Violinist Shaham makes Beethoven warm, lyrical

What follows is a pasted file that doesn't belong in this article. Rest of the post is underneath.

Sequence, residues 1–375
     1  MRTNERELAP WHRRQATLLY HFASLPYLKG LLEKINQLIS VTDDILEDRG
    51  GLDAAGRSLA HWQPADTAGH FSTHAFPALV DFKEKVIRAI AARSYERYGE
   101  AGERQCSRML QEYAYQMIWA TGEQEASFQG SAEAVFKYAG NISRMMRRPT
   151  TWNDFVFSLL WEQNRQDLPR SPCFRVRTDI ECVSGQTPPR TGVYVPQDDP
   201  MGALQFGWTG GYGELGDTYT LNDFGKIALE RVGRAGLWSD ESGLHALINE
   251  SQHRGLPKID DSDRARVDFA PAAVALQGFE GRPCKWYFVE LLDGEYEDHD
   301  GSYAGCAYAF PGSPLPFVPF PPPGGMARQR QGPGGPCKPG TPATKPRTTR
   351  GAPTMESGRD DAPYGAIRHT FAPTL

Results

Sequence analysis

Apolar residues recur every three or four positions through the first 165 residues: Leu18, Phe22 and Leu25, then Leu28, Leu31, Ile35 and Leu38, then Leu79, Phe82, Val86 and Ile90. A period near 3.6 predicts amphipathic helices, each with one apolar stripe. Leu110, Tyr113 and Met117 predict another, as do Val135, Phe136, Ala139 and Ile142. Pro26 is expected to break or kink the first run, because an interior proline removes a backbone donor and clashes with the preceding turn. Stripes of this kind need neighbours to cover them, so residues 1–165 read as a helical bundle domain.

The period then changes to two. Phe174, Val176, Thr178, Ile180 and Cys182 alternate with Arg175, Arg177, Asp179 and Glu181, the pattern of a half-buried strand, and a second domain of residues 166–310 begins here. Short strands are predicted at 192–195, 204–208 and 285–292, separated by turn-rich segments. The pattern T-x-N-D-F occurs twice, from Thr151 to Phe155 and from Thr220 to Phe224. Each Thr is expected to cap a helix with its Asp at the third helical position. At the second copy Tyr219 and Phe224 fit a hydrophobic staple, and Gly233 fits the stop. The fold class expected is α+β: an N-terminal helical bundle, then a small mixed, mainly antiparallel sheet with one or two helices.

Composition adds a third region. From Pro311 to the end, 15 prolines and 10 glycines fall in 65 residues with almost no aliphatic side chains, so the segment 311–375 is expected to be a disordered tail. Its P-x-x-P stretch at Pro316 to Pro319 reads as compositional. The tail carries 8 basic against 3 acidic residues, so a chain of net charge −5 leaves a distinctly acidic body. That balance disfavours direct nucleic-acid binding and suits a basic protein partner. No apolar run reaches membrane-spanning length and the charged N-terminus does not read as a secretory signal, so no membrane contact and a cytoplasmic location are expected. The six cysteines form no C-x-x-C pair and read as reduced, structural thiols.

ASPEN It may be hard to figure just how the first half of Friday’s Aspen Chamber Symphony concert, a mishmash of minor jazz-inspired works by classical composers of the early 20th century, related to the “Beethoven Violin Concerto,” which occupied the second half. But violinist Gil Shaham’s transcendental performance of the iconic concerto made the issue irrelevant.Conductor David Zinman began the concerto with his usual approach to Beethoven – lean, no-nonsense, refreshing as a splash of cool water. Shaham clearly wanted something more warm and lyrical, and the first movement seemed, if not quite a tug-of-war, at least a serious conversation about how they should proceed.But then, on the closing pages of the first movement, Shaham launched into a breathtaking extended cadenza, spinning gorgeous elaborations on Beethoven’s themes. From then on, it was Shaham’s concerto, and Zinman apparently decided to throw in with him.The result was sublime music-making in the Larghetto, a slow movement in which Shaham unfurled long, heartbreakingly pure melodic lines. That segued into a sprightly finale that danced as lightly as any performance I can recall. The thunderous ovation that greeted Shaham was thoroughly deserved.This being the first concert I attended upon my arrival in Aspen for the summer, it was also my first taste of this year’s “Blue Notes” theme, which explores how jazz and classical music have influenced each other. George Antheil, Charles Ives, Silvestre Revueltas and Igor Stravinsky were among the most original composers of the 20th century. The Chamber Symphony musicians lacked nothing in brio, but the compositions at best represented some early stabs in the direction of merging jazz and classical.Antheil’s “A Jazz Symphony” plays with divergent styles of 1920s jazz, from the dance hall to Duke Ellington, but its episodes fit awkwardly. “Four Ragtime Dances” incorporates some syncopation into Ives’ trademark juxtapositions of church hymns with crashing dissonances, dance hall music and serious musical development. But a rhythm seldom continues for longer than a few measures, not very rag-like. Revueltas’ “Ocho por Radio” makes mariachi music more sophisticated, creating a pleasant six minutes.Leave it to Stravinsky to dash off the most convincing music. “Four Études for Orchestra” managed to be clever, amusing, true to its jazz roots and yet completely Stravinsky.On Saturday evening, Vladimir Feltsman offered a short and decidedly downbeat recital that, in its 85 minutes (including intermission), displayed the pianist’s ability to draw the sound to a filament without losing its power, then rise to majestic heights with rich chords.He opened with Liszt’s “Tre Sonetti di Petrarca,” three short single-movement pieces for solo piano inspired by sonnets of the Italian poet Petrarch. Feltsman’s playing was serene and mesmerizing, and then, without a break, came two short pieces by the contemporary Russian composer Valentyn Sil’vestrov.The first, “Postludia,” a gloss on music by Wagner, was as chordal as Liszt’s was pianistically flowery, accented by occasional thrums of the piano’s low strings. The second, “The Messenger,” used snippets of Mozart’s music (and music written like it) that trail off into nothing. It’s compelling stuff. Feltsman savored every phrase. His playing in the Mozart passages suggested that, should he return for an entire evening of Mozart, his distinctly idiomatic touch would do it justice.After intermission, Aspen faculty violinists Alexander Kerr and Cornelia Heard, violist Masao Kawasaki and cellist Jaehee Ju joined Feltsman for the Russian composer Alfred Schnittke’s “Piano Quintet,” a sort of requiem for Shostakovich. Schittke’s music can be sweet one moment and enter into long passages of microtonal dissonances the next. The microtones can sound like a swarm of angry bees, or simply seem out of tune. The second movement waltz hovers claustrophobically around a narrow range. In the finale, wheezing microtonal chords interrupt a tranquil “pastorale.” The musicians lavished fine and evocative playing on this problematic music.Sunday’s Festival Orchestra concert never quite came together, despite the conducting of the energetic and irrepressible David Robertson. Soloist of the day honors must go to Steve Mackey, composer in residence here this summer, who showed formidable technique on electric guitar on his own 2000 composition, “Tuck and Roll.” His rock-flavored solos held more interest than the piece itself did. The orchestral music seems to listen to the guitar riffs and say, “I can do that, too.” The musicians gave it a good try, but the work lacks the substance of Mackey’s more recent music.Pianist Orli Shaham gave credible accounts of Stravinsky’s “Capriccio,” a concerto in all but name, and Gershwin’s “I Got Rhythm” variations. She had originally programmed Gershwin’s “Second Rhapsody” but elected to go with the much-shorter (and frankly better) variations. The pianist, sister to Gil and wife to Robertson, has become a more rhythmically assured player since her early appearances here in Aspen, but both pieces require a bit more snap than she could deliver.The musicians took a healthy swing at the tart sonorities and playful rhythms of Stravinsky’s endlessly inventive “Symphony in C,” which concluded the concert. Even Robertson’s athletic conducting couldn’t quite coax that last ounce of juice that makes the music special.Not to miss this week:Mozart’s opera “Cosi fan Tutte,” a comedy that contains some of his most sublime music, gets performances tonight, Thursday and Sunday at the Wheeler Opera House. George Manahan conducts.The angelic soprano voice of Kathleen Battle should add luster to the all-Gershwin program in Saturday’s season benefit concert. David Zinman conducts and Simon Trpceski plays “Rhapsody in Blue.”Miguel Harth-Bedoya conducts the Aspen Concert Orchestra in an intriguing program Friday at 6 p.m. It includes “La Noche de los Mayas,” a more serious piece from Revueltas, and “Last Round,” by one of today’s most listenable composers, Osvaldo Golijov. And oh yes, the Tchaikovsky “Violin Concerto,” featuring teen violinist Veronika Eberle.Harvey Steiman’s weekly commentary about the Aspen Music Festival is founded in 14 years of attendance and a background as a professional critic.